4 Strategies to Help Families Plan for End-of-Life Care

Navigating sickness and death is difficult for anyone, and families who see their loved ones’ health fading can have a particularly difficult time preparing for what’s to come. Your senior care facility will play an important role in helping families through this period. Consider incorporating these four strategies in your facility to give families the support they need.

Focus on Educating and Answering Questions

Stella Barnes, RN, Risk Manager at Westside Terrace Healthcare

Stella Barnes, RN, Risk Manager at Westside Terrace Healthcare

As a loved one’s health declines, the family often faces confusion and uncertainty. Stella Barnes, RN, has served in long-term healthcare for over 20 years. She notes that at Westside Terrace Healthcare, where she is the Risk Manager, staff work to educate families about what will happen as their loved ones’ health declines.

“I’ve found that there’s a lack of education in the community about end-of-life care,” says Barnes. “People tend to get confused about the role of hospice, but they’re usually open and receptive when you explain the benefits it offers.”

Barnes notes that the facility has paperwork prepared to give to families to help them understand important topics like the myths and realities of feeding tubes and dehydration. “Even in a home setting, people often don’t know what to expect from end-of-life care,” says Barnes. When families are more aware of what to expect, they’ll be better able to make well-informed choices.

Help Residents (and Family Members) Discuss End-of-Life Wishes

It’s also important to help facilitate discussions with everyone in the family – including the patient – about what they would like to happen at the end of life.

Natalie Mica, MEd, LPC, CART, CDWF, a Licensed Professional Counselor

Natalie Mica, MEd, LPC, CART, CDWF, a Licensed Professional Counselor

Natalie Mica, MEd, LPC, CART, CDWF, is a Licensed Professional Counselor in private practice in Houston who helps clients navigate grief, loss, and major life transitions. “Actually talking about the thoughts, feelings, and emotions brings a sense of relief and the opportunity to bring family together,” says Mica.

“Even as it is difficult, being with death is one way to acknowledge and celebrate life and what the dying family member means to the family. Some individuals will naturally want and need to talk more both about death and in their goodbye words to the departing family member. The dying family member may also have things they want to say before they die.”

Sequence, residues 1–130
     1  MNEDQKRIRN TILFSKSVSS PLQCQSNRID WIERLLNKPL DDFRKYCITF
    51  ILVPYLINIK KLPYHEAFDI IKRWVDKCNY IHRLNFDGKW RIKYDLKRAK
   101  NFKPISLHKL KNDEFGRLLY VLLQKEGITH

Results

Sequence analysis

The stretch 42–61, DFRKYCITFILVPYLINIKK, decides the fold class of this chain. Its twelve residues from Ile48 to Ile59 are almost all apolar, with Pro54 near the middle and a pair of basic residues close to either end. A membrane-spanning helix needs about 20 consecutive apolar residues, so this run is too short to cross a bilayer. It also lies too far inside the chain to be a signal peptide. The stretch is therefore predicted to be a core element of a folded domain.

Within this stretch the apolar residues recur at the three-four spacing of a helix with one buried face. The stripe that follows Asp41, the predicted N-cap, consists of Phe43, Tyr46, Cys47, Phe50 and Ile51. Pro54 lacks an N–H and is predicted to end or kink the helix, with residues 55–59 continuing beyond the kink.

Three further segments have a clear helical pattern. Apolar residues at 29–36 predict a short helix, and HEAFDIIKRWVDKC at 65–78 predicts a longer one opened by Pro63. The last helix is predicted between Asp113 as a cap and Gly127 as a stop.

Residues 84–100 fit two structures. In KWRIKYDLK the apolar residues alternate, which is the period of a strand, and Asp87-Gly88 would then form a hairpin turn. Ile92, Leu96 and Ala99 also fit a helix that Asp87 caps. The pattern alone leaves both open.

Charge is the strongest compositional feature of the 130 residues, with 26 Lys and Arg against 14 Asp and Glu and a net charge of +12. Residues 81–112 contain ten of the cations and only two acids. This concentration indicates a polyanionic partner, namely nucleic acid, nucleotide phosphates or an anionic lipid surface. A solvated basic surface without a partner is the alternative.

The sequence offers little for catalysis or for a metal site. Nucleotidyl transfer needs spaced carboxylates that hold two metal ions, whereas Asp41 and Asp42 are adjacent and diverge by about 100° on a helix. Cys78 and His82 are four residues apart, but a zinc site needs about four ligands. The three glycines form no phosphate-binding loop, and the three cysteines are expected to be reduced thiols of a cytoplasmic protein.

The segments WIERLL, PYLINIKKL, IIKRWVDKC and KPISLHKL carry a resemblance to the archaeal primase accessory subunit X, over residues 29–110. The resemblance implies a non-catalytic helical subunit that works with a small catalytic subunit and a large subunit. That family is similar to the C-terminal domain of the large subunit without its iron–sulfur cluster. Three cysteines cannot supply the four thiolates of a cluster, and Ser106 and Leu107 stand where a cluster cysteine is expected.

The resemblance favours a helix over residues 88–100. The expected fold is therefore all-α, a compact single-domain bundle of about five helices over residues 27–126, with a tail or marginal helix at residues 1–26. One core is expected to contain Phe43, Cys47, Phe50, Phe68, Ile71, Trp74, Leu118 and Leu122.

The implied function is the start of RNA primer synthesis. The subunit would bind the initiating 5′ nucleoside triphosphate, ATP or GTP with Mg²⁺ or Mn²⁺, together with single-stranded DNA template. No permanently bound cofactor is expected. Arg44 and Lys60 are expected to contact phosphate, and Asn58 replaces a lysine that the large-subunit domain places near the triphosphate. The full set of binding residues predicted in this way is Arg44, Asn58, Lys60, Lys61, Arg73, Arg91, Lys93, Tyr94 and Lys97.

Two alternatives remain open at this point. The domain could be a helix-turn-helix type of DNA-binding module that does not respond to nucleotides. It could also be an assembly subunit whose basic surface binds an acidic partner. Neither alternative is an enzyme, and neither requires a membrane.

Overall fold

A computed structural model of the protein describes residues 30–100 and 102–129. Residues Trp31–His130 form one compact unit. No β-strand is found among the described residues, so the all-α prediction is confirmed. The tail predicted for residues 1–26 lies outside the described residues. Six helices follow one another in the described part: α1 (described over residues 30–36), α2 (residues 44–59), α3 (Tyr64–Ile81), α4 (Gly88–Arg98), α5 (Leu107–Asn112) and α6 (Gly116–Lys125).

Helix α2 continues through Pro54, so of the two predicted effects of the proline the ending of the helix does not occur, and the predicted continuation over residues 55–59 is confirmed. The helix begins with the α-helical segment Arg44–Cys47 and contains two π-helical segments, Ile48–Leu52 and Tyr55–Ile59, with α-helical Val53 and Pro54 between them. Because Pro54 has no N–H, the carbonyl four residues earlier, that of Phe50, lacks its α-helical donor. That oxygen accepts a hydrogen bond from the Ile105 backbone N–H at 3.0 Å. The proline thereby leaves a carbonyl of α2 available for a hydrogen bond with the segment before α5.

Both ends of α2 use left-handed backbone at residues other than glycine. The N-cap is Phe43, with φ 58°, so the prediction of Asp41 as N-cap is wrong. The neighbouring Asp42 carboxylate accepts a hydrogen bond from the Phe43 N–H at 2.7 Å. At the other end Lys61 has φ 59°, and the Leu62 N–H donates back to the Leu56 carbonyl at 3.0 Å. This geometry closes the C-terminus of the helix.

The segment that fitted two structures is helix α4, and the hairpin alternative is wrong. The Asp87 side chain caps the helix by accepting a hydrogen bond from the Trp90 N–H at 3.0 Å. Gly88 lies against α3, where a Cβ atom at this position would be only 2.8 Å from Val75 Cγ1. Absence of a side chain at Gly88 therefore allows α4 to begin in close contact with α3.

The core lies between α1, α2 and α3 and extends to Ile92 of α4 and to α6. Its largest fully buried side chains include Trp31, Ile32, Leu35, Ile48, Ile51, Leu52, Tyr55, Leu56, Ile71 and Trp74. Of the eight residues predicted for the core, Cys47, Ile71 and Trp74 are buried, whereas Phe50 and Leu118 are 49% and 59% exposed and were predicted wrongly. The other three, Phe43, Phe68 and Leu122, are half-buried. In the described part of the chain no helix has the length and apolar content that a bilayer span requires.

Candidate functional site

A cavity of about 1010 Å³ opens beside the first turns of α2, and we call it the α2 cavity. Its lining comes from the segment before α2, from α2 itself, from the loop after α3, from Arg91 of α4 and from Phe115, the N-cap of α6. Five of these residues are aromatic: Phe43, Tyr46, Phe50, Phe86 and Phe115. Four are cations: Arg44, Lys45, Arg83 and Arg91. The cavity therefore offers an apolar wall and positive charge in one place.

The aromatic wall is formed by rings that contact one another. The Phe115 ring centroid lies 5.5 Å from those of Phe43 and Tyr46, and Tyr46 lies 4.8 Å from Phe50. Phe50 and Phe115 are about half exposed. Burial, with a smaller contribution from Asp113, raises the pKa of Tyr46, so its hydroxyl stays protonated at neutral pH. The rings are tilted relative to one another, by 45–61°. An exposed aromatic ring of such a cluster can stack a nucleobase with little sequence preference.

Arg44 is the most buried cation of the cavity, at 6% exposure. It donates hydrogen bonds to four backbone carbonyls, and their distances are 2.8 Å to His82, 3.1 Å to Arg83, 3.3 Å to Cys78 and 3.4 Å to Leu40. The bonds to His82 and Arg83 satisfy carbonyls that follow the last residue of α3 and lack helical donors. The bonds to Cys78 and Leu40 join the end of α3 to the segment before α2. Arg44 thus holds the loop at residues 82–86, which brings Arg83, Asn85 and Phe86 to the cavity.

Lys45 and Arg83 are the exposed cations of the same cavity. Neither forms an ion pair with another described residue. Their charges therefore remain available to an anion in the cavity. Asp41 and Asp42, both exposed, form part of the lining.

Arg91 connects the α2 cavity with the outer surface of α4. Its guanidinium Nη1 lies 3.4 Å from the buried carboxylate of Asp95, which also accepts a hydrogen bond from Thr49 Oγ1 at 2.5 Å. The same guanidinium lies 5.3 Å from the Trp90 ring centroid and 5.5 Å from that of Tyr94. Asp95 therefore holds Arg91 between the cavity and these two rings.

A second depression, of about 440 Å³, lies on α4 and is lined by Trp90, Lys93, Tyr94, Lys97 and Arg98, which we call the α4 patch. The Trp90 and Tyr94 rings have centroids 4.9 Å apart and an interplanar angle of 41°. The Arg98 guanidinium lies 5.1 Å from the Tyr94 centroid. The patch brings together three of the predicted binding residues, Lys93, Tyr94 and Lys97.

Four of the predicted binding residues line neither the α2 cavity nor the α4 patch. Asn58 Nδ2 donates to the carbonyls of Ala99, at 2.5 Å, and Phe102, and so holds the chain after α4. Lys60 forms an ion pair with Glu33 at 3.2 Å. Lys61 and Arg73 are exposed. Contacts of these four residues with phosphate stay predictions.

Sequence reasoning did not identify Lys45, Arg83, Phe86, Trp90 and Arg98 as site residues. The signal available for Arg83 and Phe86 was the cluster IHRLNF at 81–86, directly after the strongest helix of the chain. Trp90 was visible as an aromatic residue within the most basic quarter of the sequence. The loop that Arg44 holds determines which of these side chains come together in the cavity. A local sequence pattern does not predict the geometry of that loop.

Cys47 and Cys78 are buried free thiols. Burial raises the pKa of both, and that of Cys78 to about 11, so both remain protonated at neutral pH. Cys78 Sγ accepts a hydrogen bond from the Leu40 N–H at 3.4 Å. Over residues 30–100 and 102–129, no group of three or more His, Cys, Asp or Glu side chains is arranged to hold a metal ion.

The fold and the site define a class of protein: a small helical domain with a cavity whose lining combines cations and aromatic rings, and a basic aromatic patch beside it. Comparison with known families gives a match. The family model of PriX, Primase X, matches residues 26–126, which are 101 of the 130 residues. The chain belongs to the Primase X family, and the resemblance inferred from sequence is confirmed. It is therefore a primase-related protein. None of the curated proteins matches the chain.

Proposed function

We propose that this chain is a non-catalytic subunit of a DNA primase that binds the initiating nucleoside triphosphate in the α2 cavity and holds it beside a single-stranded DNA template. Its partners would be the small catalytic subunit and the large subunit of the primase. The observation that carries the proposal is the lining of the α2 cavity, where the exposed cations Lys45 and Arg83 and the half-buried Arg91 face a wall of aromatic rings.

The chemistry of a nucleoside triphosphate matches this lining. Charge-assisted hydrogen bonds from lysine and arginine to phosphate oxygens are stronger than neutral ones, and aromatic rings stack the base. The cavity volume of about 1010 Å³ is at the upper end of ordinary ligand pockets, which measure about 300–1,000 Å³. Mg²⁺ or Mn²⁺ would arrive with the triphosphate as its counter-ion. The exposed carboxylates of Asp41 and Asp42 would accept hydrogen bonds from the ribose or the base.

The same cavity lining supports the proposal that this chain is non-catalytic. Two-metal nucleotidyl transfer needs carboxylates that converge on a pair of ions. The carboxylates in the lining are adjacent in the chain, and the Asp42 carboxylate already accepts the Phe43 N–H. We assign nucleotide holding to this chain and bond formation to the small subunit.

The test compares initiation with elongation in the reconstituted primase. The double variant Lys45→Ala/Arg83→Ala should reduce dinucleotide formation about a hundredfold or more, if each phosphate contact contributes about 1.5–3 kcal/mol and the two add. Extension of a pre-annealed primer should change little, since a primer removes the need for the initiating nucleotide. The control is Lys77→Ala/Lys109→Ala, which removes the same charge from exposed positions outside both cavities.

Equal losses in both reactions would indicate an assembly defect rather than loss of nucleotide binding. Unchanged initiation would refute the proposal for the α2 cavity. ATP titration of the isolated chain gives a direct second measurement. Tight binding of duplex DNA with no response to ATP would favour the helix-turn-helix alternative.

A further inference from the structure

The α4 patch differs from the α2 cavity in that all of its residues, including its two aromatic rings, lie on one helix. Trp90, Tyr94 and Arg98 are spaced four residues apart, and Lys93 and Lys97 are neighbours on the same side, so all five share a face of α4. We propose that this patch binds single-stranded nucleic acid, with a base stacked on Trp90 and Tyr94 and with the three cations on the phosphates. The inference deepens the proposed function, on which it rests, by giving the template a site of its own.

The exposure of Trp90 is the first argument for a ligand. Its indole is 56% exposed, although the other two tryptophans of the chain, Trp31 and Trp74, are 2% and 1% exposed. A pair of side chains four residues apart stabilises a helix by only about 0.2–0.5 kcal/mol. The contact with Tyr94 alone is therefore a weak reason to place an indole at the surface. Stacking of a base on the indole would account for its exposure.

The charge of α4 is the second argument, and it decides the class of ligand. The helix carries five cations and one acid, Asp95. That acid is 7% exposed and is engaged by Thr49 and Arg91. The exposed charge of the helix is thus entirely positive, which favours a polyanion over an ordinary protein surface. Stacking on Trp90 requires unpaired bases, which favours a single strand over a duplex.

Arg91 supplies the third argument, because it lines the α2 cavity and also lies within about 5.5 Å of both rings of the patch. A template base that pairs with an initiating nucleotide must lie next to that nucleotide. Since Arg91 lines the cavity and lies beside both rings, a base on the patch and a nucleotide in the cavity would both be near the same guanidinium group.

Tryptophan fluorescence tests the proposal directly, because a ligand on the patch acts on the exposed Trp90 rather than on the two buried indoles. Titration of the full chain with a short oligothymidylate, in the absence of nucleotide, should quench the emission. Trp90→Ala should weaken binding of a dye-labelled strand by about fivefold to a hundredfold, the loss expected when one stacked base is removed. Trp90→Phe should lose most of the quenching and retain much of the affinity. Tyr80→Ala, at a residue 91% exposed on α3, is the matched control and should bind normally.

But these conversations need to be handled gently and tactfully. “It is important to honor each individual’s level of comfort around discussions of death and give them the choice of whether or not to say goodbye and how they want to do that,” Mica recommends.

“Each individual processes loss differently, and it is important that individuals feel authentic during this time rather than falling into group think. One way to allow this is to gather and ask questions about how each person feels, if they intend to say goodbye, how they prefer to say goodbye and what support they may need in the process.”

Connect Families to Local Support Services

According to Mica, families often lack knowledge of the local support services that are available to help them through the end-of-life process. Your facility can help to connect families to services such as:

  • End of life housing options
  • Legal help for end-of-life healthcare directives, wills, and healthcare directives
  • Financial planners
  • Hospice services
  • Spiritual clergy and church community groups
  • Funeral homes
  • Mental health providers who work with grief and loss

All of these services can work together to give families comprehensive support.

Care for the Families, Too

While the patient may be your facility’s primary responsibility, you also need to care for the families. Barnes explains that staff play a large role in helping families to feel comfortable. “We bring snacks and drinks and check on families more frequently during these times,” says Barnes. These extra touches can make a big difference for families.

By reevaluating and strengthening your facility’s approach to end-of-life care, you can give families the support and knowledge they need to navigate this trying time.

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Topics: Executive Leadership , Featured Articles , Resident Care